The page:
Native American Relations
by Drew VandeCreek
Several Native American tribes inhabited the territory that became the State of Illinois in 1818. Sac and Fox predominated in Northern Illinois. Kickapoo made their homes in central Illinois. Cahokia, Kaskaskia, Michigamea, Moingwene, Peoria and Tamaroa lived along the Mississippi, Wabash and Illinois Rivers of southern and central Illinois. Together, these five tribes formed the Illinois Confederacy, a loose alliance designed to provide mutual defense against more powerful neighbors.
Most Native Americans relied upon a combination of agriculture, hunting and gathering for their subsistence. Indian women supervised the farming of maize (or corn), beans, squash, pumpkins and other crops, and also gathered fruits, nuts, and roots from the countryside. Men organized fishing and hunting parties and enjoyed considerable leisure time devoted to athletic contests, gambling and other pursuits.
Illinois' Native American inhabitants embraced religious beliefs quite unlike the Christianity that white European settlers brought to North America. Indians organized their spiritual lives around no central creed or dogma. Rather, individual tribes developed rites and practices based upon a communitarian spiritual sense and reverence for nature. Among most tribes everyday acts assumed a ceremonial significance. Western visitors, conquerors and interpreters have struggled to grasp Native American religion and culture to this day.
Native American society provided individuals with considerable personal freedom. Families, clans, and tribes made localized decisions in the absence of central authority.
Despite this emphasis upon individualism, tribal warfare marked Native American life. Most of the Illinois tribes took up annual hostilities with their neighbors as a normal part of intertribal relations. War commanded considerable importance in Native American cultures, and young men took up arms in search of heroism and honor that would earn them the respect of their peers.
In the seventeenth century the face of warfare changed for Illinois Indians, however. Attacks from powerful Sioux to the north and west pushed warfare beyond its familiar, limited scope and taxed the confederation's small resources. By the 1650 the powerful Iroquois Confederacy, equipped with firearms provided by Dutch traders, had pushed the Sac, Fox and Kickapoo from lower Michigan and into northern Illinois and Wisconsin. Eventually the Iroquois reached Illinois itself, further damaging the Illinois Confederacy.
French missionaries and settlers arriving in Illinois in the late seventeenth century encountered an Illinois Confederation buckling under the pressure of attacks from the North and East. From the 1650s until the Sac Chief Black Hawk’s defeat in 1832 Illinois would remain a contested region among Native Americans.
The arrival of great European empires and the rise of the United States of America further complicated social and political relations in this period. French and later British traders and settlers established themselves in Illinois as parts of a unique cultural mixture historians have dubbed a "Middle Ground."1
In this context, European and Native American cultures mingled. Europeans and Native Americans reached understandings of one another, often built upon fundamental misconceptions, which facilitated good relations and trade. Many French trappers and traders married Indian women, beginning a pattern of cross-cultural kinship ties.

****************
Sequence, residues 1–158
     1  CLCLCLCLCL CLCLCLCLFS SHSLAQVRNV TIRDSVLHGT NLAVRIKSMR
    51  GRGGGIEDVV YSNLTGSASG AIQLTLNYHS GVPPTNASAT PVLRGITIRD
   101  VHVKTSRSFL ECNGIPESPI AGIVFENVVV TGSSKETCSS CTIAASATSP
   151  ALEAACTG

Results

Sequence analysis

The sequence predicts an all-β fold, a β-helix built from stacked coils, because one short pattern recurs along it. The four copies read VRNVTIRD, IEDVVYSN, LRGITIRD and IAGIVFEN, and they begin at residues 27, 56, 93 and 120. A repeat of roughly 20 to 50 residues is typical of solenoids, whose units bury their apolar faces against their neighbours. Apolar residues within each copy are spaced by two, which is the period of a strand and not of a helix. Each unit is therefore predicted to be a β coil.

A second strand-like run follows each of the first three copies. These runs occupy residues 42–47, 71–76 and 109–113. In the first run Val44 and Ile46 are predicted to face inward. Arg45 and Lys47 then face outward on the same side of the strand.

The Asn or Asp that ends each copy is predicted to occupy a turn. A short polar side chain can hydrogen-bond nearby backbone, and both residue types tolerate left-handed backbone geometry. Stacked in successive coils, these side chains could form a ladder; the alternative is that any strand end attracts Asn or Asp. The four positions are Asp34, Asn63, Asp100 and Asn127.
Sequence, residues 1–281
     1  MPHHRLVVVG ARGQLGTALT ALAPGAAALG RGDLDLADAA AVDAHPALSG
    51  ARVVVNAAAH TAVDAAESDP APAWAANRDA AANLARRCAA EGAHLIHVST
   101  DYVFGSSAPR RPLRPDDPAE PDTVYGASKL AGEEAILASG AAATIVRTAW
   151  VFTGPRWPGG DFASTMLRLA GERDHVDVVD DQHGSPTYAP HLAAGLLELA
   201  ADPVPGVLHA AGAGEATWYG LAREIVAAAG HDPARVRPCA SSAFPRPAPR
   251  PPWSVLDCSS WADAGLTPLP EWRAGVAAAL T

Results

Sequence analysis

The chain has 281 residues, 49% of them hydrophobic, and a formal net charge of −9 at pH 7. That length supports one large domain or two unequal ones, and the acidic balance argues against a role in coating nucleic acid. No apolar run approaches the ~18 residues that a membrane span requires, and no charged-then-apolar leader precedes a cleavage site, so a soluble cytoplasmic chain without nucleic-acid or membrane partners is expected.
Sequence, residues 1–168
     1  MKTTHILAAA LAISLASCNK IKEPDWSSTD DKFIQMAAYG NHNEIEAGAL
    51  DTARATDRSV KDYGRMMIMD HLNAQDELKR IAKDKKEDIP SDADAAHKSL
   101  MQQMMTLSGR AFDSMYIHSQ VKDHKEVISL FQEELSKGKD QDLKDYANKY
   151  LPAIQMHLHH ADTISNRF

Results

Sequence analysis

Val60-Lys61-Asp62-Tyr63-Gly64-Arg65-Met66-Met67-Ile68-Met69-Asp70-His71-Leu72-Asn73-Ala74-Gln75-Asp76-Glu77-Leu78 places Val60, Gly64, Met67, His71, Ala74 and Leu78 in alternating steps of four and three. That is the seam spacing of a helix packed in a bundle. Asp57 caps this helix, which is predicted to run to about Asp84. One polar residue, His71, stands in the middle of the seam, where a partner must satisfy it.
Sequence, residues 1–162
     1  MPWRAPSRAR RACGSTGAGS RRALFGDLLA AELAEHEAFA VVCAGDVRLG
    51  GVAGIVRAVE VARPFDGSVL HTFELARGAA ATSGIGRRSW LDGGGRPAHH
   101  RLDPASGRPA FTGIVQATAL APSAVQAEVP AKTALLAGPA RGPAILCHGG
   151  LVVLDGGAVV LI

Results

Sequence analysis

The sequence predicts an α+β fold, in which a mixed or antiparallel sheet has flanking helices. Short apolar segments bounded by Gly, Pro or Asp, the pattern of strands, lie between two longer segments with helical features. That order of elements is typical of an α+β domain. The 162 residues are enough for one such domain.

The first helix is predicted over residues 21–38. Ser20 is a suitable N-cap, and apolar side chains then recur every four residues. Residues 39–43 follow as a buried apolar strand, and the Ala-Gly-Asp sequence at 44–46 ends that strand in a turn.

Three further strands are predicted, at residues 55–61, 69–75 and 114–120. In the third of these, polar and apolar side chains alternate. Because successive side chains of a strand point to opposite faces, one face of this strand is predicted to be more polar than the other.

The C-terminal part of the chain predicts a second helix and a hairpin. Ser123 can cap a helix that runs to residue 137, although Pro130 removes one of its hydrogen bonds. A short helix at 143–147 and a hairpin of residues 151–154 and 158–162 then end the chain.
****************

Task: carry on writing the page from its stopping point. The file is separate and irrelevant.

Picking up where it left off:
The unstable, though generally peaceful and prosperous, relations of the Middle Ground characterized life in Illinois until the French and Indian War of the mid-eighteenth century. In this conflict Native American tribes aligned themselves with the French and suffered a decisive defeat at the hands of the British Empire.
Despite their opposing roles in the conflict, the British proved a temporary ally for Native Americans in the late eighteenth and early nineteenth century. In the period after the French and Indian War the British had declared the northwestern region encompassing today's Ohio, Michigan, Illinois and Indiana to be off-limits to settlement by English settlers. The outcome of the American Revolution shattered this promising arrangement for the Indian tribes, and sent American settlers pouring westward. First arriving along the southern Illinois River bottoms, Americans pushed northward onto the prairie after 1820, and established Chicago.
Despite Americans' claim to the Northwest Territories, the British remained a major presence there for several decades and collaborated with Indian forces led by the Shawnee chieftain Tecumseh to battle Americans, unsuccessfully, in the War of 1812. The United States secured its Northwest Territories in that conflict, and demolished Tecumseh's dream of a powerful new Indian confederacy able to stem white settlement in the West.
Illinois represented the next frontier as white settlers pushed westward after the War of 1812. Meeting little resistance from the shattered Illinois Confederacy, white Illinoisans' hunger for land met its first resistance there in 1832 when Chief Black Hawk, a representative of the once-powerful Sac and Fox tribes, balked at his band's banishment west of the Mississippi and returned to Illinois. His decisive defeat at the hands of the Illinois militia and federal forces marked the end of the Middle Ground and the beginning of Illinois' integration into the United States of America.
- 1. Richard White The Middle Ground: Indians, Empires, and Republics in the Great Lakes Region, 1650-1815 (Cambridge: Cambridge University Press, 1991)